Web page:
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Windows Server 2008 R2 Thread, DHCP reliability in Technical; I just inherited a fairly medium-sized network (>500 workstations) on one broadcast domain. I plan to split this up into ...
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    DHCP reliability

    I just inherited a fairly medium-sized network (>500 workstations) on one broadcast domain. I plan to split this up into smaller subnets for better control and performance. The Windows 2008 R2 AD with 2 domain controllers is the least of my problem but what is bothering me is the lack of redundancy for the DHCP service which is really a major component. Other than putting the DHCP service in a 2008 cluster, what other methods are available to create a reliable DHCP service for a routed network?

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    Create 2 dhcp servers with the same config and then exclude a portion on one server and exclude the oposite portion of IPs on the other server. That way you will have 2 servers at all times and if one goes completely you can just make the excluded range available.
    Make sure you define both DHCP servers on your routers/L3 switch under ip helper or whatever setting it is.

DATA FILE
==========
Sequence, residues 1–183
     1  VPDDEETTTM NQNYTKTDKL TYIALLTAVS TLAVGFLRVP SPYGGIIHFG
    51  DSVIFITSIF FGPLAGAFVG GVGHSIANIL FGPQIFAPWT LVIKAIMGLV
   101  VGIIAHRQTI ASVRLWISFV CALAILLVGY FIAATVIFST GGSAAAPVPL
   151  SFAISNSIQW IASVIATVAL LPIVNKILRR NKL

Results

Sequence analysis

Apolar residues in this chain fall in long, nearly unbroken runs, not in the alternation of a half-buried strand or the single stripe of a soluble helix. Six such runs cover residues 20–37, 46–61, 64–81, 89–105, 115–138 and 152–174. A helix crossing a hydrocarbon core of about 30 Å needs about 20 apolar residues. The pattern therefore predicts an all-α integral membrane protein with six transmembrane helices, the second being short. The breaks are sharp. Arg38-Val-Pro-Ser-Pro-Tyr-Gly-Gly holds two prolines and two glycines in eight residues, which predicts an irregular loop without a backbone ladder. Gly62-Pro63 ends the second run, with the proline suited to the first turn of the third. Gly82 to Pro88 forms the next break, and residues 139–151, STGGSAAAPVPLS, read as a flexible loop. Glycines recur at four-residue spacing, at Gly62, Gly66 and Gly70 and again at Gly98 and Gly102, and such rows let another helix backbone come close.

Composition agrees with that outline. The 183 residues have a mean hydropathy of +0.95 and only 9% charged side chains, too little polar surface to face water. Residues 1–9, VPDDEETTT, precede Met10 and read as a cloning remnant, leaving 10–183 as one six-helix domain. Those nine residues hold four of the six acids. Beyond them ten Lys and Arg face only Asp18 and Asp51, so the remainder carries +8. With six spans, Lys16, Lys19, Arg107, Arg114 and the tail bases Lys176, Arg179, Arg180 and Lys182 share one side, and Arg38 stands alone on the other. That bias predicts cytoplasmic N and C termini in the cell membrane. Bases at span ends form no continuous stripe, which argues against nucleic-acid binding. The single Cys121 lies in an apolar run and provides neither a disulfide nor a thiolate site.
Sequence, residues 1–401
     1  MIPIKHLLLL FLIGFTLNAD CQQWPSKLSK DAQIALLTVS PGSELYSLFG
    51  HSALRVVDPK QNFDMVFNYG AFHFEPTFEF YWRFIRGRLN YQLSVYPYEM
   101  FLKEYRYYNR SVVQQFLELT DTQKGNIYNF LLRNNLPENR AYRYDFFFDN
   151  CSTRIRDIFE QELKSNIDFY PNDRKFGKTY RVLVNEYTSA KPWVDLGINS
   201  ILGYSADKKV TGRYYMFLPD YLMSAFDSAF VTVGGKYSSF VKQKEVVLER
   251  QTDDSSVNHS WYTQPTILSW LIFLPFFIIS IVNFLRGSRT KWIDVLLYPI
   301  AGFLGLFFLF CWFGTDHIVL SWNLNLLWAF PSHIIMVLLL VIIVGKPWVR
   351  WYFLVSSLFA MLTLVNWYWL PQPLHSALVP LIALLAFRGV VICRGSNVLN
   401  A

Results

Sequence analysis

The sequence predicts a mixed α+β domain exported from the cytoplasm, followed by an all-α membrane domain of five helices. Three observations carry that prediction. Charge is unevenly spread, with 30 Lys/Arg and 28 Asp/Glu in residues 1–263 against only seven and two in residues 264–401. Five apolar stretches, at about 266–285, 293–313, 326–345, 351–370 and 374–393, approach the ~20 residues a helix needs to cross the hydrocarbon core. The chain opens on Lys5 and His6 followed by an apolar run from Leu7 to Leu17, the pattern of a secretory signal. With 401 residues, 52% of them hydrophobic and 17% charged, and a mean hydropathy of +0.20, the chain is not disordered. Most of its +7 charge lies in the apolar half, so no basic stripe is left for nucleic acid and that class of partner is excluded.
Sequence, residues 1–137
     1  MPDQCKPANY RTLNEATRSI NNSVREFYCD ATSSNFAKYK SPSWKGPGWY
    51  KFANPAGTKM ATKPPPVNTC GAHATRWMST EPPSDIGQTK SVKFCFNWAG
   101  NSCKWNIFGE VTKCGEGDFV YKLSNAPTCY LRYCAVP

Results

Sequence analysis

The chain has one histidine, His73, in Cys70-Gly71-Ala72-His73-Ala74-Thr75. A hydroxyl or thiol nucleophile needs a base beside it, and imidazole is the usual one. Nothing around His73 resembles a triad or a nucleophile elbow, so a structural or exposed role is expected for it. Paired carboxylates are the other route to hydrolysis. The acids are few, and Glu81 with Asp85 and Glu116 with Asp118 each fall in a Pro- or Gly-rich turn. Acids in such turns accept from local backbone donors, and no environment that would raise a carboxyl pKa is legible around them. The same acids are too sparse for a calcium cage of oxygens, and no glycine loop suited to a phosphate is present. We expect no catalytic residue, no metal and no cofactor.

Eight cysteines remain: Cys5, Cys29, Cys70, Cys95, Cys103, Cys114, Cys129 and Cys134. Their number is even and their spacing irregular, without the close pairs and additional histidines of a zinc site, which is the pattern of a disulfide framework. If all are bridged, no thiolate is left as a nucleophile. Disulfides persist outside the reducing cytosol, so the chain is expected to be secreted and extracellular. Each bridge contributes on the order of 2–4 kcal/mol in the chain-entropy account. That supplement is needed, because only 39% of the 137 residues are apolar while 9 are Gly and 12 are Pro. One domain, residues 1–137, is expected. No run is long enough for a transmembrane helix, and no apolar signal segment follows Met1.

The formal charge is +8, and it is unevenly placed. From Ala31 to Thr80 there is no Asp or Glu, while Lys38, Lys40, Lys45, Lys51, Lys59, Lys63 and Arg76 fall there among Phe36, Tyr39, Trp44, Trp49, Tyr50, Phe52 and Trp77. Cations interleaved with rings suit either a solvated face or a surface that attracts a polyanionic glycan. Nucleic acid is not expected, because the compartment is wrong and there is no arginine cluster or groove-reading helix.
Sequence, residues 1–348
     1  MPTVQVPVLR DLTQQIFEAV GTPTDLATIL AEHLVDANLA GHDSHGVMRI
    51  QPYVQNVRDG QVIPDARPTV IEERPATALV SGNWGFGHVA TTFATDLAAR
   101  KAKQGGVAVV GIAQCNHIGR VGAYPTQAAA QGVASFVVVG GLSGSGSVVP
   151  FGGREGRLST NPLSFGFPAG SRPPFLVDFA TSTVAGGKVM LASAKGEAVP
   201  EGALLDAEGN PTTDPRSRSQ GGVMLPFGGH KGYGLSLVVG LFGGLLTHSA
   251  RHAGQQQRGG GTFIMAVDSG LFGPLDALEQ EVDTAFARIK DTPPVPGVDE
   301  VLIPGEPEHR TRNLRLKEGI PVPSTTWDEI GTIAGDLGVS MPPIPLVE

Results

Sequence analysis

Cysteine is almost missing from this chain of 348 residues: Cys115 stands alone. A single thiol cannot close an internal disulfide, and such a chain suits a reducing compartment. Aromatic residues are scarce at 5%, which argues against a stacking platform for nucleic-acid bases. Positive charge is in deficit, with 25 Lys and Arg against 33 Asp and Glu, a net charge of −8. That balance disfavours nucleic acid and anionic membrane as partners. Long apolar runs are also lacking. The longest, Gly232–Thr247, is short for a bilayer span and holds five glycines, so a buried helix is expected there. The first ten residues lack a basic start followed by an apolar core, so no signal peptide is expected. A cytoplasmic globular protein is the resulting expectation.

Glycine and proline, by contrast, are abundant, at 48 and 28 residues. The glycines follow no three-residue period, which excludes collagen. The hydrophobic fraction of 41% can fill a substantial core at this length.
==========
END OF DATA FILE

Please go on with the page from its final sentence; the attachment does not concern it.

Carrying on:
Last edited by ChrisH; 8th January 2011 at 10:31 AM.

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    Thanks ChrisH. Microsoft recommends 80/20 for this type of setup where 80% is served by one DHCP and the rest (20%) served by the other server. That still has holes since either of the two can go down and still leave the rest without services. I plan to buy 2 servers for virtualization, run VMWare and create a Windows 2008 R2 cluster using 2 virtual servers and then serve DHCP using that. Is this possible?

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    Also of course the other option would be to not worry about your servers and do your DHCP through a router - we use Cisco 2600's fr DHCP - it is a lot of over head on the router but we have several of them doing different things. I think sometimes it's a bit easier because if a DHCP Server goes down IE you have DHCP being doled out through a Win 2008 server if that server goes down you've lost network access and I reckon a Server 2008 server is more likely to go down than a router.

    We did have servers running DHCP, and found that if we took a server out of the network for maintenance even though we had another server to take the role we had problems with connectivity to the network on workstations. The routers seemed to be easier to configure and less to go wrong - we bought our Cisco 2620XM's off of eBay dirt cheap and they work flawlessly. We can remove a server for maintenance / repairs and not have to worry about other nodes connecting to the network.

    Thats my opinion hope it helps

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